c) A common misapplication of getline is to just skip a few lines of an
input file. The following discusses how to do that without using getline
with all that implies as discussed above. This discussion builds on the
common awk idiom to "decrement a variable to zero" by putting the
decrement of the variable as the second term in an "and" clause with the
first part being the variable itself, so the decrement only occurs if
the variable is non-zero:

i) Print the Nth record after some pattern:

awk 'c&&!--c;/pattern/{c=N}' file

ii) Print every record except the Nth record after some pattern:

awk 'c&&!--c{next}/pattern/{c=N}' file

iii) Print the N records after some pattern:

awk 'c&&c--;/pattern/{c=N}' file

iv) Print every record except the N records after some pattern:

awk 'c&&c--{next}/pattern/{c=N}' file

In this example there are no blank lines and the output is all aligned
with the left hand column and you want to print $0 for the second record
following the record that contains some pattern, e.g. the number 3:

$ cat file
line 1
line 2
line 3
line 4
line 5
line 6
line 7
line 8
$ awk '/3/{getline;getline;print}' file
line 5

That works Just fine. Now let's see the concise way to do it without
getline:

$ awk 'c&&!--c;/3/{c=2}' file
line 5

It's not quite so obvious at a glance what that does, but it uses an
idiom that most awk programmers could do well to learn and it is briefer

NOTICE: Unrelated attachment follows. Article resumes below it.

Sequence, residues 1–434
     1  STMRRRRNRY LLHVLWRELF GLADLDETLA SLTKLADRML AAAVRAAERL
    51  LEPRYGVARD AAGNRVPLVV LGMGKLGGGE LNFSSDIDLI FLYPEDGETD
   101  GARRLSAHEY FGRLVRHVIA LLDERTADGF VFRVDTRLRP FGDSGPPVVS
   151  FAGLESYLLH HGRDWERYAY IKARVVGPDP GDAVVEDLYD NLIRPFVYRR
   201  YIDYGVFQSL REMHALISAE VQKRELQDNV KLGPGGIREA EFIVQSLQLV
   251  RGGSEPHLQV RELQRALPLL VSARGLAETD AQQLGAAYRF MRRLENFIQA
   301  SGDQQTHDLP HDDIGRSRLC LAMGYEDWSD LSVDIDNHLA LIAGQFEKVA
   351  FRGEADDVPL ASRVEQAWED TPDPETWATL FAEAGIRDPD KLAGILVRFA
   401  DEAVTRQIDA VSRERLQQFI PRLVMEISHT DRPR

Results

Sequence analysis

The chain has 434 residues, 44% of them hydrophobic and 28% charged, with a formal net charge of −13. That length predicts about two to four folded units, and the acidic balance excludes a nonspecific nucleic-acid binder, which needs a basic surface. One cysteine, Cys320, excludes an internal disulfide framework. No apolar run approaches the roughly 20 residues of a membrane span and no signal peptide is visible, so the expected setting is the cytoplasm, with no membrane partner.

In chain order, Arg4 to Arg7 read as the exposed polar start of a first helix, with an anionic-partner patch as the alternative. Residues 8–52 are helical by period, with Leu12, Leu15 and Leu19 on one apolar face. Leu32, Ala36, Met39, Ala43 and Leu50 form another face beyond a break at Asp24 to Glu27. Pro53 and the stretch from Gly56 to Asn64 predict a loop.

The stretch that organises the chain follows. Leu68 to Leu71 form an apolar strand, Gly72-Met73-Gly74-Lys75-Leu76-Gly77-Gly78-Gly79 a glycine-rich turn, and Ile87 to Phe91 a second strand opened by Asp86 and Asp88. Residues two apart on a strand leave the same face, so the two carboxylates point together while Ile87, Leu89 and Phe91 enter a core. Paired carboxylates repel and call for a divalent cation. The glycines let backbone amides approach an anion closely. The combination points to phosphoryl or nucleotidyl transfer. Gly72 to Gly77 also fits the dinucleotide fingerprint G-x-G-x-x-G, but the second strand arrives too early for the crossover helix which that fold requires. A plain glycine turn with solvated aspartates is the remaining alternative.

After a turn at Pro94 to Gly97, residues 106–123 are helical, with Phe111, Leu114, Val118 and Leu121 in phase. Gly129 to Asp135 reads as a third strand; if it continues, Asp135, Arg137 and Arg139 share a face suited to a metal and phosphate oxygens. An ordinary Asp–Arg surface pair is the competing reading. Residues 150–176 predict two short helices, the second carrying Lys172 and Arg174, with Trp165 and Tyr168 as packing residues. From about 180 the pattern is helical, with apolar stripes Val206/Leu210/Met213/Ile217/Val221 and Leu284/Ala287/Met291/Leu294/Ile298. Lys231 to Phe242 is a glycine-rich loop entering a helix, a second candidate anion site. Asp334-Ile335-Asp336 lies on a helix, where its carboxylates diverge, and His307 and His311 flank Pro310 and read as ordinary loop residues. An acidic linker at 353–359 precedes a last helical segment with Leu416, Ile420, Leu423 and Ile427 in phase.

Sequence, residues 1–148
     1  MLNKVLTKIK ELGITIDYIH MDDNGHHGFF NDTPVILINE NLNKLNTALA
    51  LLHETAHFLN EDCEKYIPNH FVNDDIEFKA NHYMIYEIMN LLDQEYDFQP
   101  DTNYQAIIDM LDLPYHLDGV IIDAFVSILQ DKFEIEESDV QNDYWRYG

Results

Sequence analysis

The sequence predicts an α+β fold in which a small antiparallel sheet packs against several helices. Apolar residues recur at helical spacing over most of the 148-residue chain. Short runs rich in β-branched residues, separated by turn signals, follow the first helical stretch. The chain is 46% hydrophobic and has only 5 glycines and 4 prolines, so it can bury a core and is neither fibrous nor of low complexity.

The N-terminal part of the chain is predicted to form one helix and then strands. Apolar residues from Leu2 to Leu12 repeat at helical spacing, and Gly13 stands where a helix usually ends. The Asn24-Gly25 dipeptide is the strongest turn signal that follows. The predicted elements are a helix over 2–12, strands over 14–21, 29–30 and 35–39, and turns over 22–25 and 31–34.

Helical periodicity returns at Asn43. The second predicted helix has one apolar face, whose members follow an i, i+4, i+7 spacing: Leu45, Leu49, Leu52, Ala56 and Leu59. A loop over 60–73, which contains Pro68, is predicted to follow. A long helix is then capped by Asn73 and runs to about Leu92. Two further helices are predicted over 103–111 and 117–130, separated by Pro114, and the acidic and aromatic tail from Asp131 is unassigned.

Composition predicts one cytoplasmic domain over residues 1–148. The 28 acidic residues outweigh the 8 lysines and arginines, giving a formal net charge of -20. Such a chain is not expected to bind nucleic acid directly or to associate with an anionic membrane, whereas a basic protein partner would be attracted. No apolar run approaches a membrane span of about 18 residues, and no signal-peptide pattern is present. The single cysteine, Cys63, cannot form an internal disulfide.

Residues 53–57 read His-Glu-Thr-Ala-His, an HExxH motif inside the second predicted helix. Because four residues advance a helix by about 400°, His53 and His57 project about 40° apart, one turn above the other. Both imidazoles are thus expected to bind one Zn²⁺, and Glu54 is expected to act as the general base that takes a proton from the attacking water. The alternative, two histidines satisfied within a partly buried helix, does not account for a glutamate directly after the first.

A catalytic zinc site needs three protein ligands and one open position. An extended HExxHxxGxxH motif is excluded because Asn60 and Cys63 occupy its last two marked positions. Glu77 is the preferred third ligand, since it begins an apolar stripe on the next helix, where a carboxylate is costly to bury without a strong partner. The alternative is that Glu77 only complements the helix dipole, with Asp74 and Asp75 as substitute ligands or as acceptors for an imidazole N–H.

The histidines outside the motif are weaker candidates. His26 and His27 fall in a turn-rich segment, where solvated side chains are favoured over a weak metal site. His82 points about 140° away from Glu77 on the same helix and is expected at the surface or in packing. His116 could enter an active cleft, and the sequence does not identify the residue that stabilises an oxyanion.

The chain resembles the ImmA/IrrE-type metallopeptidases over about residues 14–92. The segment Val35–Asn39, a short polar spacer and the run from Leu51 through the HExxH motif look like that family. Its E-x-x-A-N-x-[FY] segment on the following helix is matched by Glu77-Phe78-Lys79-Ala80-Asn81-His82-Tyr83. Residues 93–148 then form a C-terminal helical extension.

and avoids all those getline caveats.

Now let's say we want to print the 5th line after the pattern instead of
the 2nd line. Then we'd have:

$ awk '/3/{getline;getline;getline;getline;getline;print}' file
line 8
$ awk 'c&&!--c;/3/{c=5}' file
line 8

i.e. we have to add a whole series of additional getline calls to the
getline version, as opposed to just changing the counter from 2 to 5 for
the non-getline version. In reality, you'd probably completely rewrite
the getline version to use a loop:

$ awk '/3/{for (c=1;c<=5;c++) getline; print}' file
line 8

Still not as concise as the non-getline version, has all the getline
caveats and required a redesign of the code just to change a counter.

Now let's say we also have to print the word "Eureka" if the number 4
appears in the input file. With the getline verion, you now have to do
something like:

$ awk '/3/{for (c=1;c<=5;c++) { getline; if ($0 ~ /4/) print "Eureka!" }
print}' file
Eureka!
line 8

whereas with the non-getline version you just have to do:

$ awk 'c&&!--c;/3/{c=5}/4/{print "Eureka!"}' file
Eureka!
line 8

i.e. with the getline version, you have to work around the fact that
you're now processing records outside of the normal awk work-loop,
whereas with the non-getline version you just have to drop your test for
"4" into the normal place and let awks normal record processing deal
with it like it always does.

Actually, if you look closely at the above you'll notice we just
unintentionally introduced a bug in the getline version. Consider what
would happen in both versions if 3 and 4 appear on the same line. The
non-getline version would behave correctly, but to fix the getline
version, you'd need to duplicate the condition somewhere, e.g. perhaps
something like this:

$ awk '/3/{for (c=1;c<=5;c++) { if ($0 ~ /4/) print "Eureka!"; getline }
if ($0 ~ /4/) print "Eureka!"; print}' file